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July 26, 2004Note: This is just an example of the type of in-depth Purdue football coverage you can get with an Ultimate Ticket subscription to GoldandBlack.com. To subscribe or sign up for a seven-day free trial, click here.
After switching from quarterback to tight end in 2001, Mike Rhinehart embarked on a two-year crash course on the new position, before concussions ended his football career.
In those two seasons, he learned a lot, and now he's trying to pass that knowledge on to redshirt freshman Dustin Keller.
In so doing, Rhinehart's gotten a close-up look at the converted receiver. He thinks Purdue has a good one on its hands.
"I think he's going to be great," Rhinehart said about Keller. "He definitely has the physical make-up, the Kellen Winslow (Jr.) type of body, and a great attitude to go along with it. The main thing about him is that he really wants to be good, and he's going to work hard to be good.
"I think he feels a lot of colleges didn't look at him (seriously) enough. He got to go with his dream and come to Purdue, and you have to give credit to the kid because he really wants to be a great football player."
Keller's physical progress has been staggering.
He arrived on campus as a record-breaking, but not all that highly recruited, wide receiver, with good size and hands, but marginal speed. When he made the move from near-by Lafayette Jefferson High School to Purdue, he weighed about 200 pounds.
But through the course of his redshirt season, Keller exploded physically, reaching the 235 mark by the spring. Today, he's weighing a packed-in 245 or so.
"I had no idea this would happen when I first got here," Keller said. "There was no supplementing at all, but this was the first time I'd started lifting weights for real. The weight just started coming and the numbers started going up. I guess that's the difference between college weights and high school weights."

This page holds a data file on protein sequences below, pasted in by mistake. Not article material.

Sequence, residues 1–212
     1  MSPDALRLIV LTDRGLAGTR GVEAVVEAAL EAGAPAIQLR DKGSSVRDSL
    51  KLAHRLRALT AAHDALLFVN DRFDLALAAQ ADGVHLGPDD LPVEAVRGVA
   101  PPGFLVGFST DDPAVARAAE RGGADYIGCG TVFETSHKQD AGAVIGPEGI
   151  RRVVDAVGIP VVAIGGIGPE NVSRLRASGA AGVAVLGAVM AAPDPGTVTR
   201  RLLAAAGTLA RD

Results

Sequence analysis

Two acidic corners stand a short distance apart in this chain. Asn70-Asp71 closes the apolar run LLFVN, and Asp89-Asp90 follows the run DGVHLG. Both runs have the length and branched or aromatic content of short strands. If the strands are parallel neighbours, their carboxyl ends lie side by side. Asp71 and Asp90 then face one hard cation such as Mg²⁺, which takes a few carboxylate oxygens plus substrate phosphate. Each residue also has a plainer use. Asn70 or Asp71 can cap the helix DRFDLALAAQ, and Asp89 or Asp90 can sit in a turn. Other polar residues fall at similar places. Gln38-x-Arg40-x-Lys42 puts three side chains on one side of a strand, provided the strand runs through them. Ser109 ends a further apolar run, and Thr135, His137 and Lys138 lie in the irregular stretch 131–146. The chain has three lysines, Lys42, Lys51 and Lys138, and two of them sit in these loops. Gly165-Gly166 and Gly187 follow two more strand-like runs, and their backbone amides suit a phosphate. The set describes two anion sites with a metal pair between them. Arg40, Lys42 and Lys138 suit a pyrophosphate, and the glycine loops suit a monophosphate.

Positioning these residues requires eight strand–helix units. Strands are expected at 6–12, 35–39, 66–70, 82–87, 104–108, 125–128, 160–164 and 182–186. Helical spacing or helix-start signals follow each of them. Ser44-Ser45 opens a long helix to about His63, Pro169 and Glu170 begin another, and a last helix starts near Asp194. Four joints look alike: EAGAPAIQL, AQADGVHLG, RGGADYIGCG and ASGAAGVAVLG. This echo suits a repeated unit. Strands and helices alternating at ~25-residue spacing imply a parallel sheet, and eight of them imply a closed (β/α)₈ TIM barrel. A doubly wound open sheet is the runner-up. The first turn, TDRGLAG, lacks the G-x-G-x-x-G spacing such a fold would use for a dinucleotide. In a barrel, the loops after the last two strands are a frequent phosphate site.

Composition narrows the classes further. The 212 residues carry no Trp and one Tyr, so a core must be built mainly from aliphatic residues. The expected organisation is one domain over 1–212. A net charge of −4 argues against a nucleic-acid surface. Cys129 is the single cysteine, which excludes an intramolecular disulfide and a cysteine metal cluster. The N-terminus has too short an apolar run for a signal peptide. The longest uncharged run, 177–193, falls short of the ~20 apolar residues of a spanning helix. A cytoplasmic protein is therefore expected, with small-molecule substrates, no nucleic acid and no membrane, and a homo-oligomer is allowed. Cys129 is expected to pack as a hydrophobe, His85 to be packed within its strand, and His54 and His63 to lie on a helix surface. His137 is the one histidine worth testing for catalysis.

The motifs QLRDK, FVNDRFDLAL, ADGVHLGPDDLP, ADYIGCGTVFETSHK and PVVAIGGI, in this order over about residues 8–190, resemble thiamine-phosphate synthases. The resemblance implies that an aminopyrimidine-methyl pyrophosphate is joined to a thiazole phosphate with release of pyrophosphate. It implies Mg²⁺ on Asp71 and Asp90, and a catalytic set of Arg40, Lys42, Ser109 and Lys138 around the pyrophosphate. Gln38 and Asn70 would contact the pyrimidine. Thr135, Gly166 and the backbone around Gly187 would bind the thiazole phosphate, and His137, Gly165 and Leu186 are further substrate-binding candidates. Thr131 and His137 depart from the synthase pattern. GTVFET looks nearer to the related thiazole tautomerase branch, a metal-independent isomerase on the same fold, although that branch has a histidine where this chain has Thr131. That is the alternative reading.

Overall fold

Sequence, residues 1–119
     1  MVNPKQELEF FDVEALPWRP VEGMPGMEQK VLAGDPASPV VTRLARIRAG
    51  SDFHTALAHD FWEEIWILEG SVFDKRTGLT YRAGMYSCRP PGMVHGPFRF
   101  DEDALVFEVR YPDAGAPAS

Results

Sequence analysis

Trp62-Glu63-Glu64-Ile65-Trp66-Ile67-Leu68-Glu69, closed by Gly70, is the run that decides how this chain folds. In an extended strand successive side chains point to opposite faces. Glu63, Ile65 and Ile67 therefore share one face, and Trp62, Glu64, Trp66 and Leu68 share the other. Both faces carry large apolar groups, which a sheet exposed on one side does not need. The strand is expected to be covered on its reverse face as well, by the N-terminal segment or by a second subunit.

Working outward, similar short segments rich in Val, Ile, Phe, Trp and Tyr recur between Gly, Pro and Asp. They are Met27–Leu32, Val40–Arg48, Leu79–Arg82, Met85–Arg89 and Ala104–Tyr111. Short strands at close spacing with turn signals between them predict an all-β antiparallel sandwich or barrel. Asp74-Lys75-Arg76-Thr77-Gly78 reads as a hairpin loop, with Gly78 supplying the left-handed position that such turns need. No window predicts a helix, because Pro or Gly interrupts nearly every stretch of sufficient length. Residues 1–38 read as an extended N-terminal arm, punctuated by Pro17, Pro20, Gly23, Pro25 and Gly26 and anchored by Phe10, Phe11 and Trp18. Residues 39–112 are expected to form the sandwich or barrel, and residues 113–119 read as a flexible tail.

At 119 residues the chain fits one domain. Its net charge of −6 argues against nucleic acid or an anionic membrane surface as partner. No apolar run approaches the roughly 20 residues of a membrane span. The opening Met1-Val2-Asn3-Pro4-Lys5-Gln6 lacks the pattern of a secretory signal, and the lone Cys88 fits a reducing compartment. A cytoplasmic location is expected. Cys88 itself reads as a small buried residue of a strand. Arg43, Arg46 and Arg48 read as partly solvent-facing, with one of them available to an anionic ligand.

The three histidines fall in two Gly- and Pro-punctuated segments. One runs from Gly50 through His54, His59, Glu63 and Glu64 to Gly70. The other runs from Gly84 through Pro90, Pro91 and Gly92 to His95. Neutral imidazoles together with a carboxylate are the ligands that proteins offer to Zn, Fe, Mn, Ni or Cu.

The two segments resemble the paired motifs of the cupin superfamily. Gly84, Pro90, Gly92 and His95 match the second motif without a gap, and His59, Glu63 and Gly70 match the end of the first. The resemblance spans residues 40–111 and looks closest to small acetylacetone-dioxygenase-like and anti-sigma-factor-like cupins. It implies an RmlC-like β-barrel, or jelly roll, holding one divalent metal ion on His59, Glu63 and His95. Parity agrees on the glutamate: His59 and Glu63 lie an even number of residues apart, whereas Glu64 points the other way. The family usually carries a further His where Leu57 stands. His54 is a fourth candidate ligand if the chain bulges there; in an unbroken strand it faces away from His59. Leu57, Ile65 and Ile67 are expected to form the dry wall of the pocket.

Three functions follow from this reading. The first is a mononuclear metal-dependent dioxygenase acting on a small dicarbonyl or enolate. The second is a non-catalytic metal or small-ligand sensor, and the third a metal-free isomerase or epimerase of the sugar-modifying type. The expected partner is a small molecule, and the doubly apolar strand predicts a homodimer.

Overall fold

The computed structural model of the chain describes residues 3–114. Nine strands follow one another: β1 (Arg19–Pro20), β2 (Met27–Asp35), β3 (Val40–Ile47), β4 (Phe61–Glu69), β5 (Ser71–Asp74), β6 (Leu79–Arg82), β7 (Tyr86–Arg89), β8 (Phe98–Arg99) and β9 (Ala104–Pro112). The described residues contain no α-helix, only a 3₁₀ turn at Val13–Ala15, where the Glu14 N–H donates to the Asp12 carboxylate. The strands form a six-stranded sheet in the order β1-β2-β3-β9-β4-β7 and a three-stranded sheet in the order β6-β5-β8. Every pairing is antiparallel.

In addition to his added size, Keller's strength has boomed.
According to strength coach Jim Lathrop, Keller's bench press has improved by roughly 70 pounds, hitting the 385 mark. He recently squatted 550 pounds.
Also, Keller hasn't moved backward in speed by any means.
Keller last week ran a mid-4.6 or so in the 40-yard dash, similar numbers to the ones he posted when he was a high school receiver. That number is slow for a receiver but very good for a tight end. And the former high school high jump champion remains so athletic coaches say he could be the most athletic tight end in the league right now.
"He's done a great job," Lathrop said. "He works hard and he had some natural attributes that made it easier. He has a great mindset about knowing what he needed to do and where he needed to get, and he's busted his butt to get there."
Keller's new-found physical attributes, combined with his natural receiving skills, could make him a major factor at tight end for the Boilermakers this season.
"Physically, everything's coming along real well," Keller said, "but from a mental standpoint, I think I need to get better. When that happens, I'll be OK, I think."
Rhinehart knows the most daunting remaining hurdle all too well. After he moved from quarterback, it was an eye-opening experience adjusting to the physical aspects of the position, i.e. blocking.
"He definitely has the routes and the receiving ability down, and that's a big part of playing tight end. But the biggest part that no one sees - none of the media or anyone - or talks about is the blocking," Rhinehart said. "It's the most difficult part. It's the difference between one tight end and the next. He's going to have to come in and learn how to block and put his face in there and block guys who weigh 40-50 pounds more than he does. It'll be a tough transition, but he'll learn fast."
Keller will join juniors Charles Davis and Jeff Bennett and sophomore Garret Bushong among Purdue's corps of tight ends in '04.
Junior college newcomer Rob Ninkovich and/or freshman Ryan Baker could also conceivably contribute at the position, but both were also recruited for defense.
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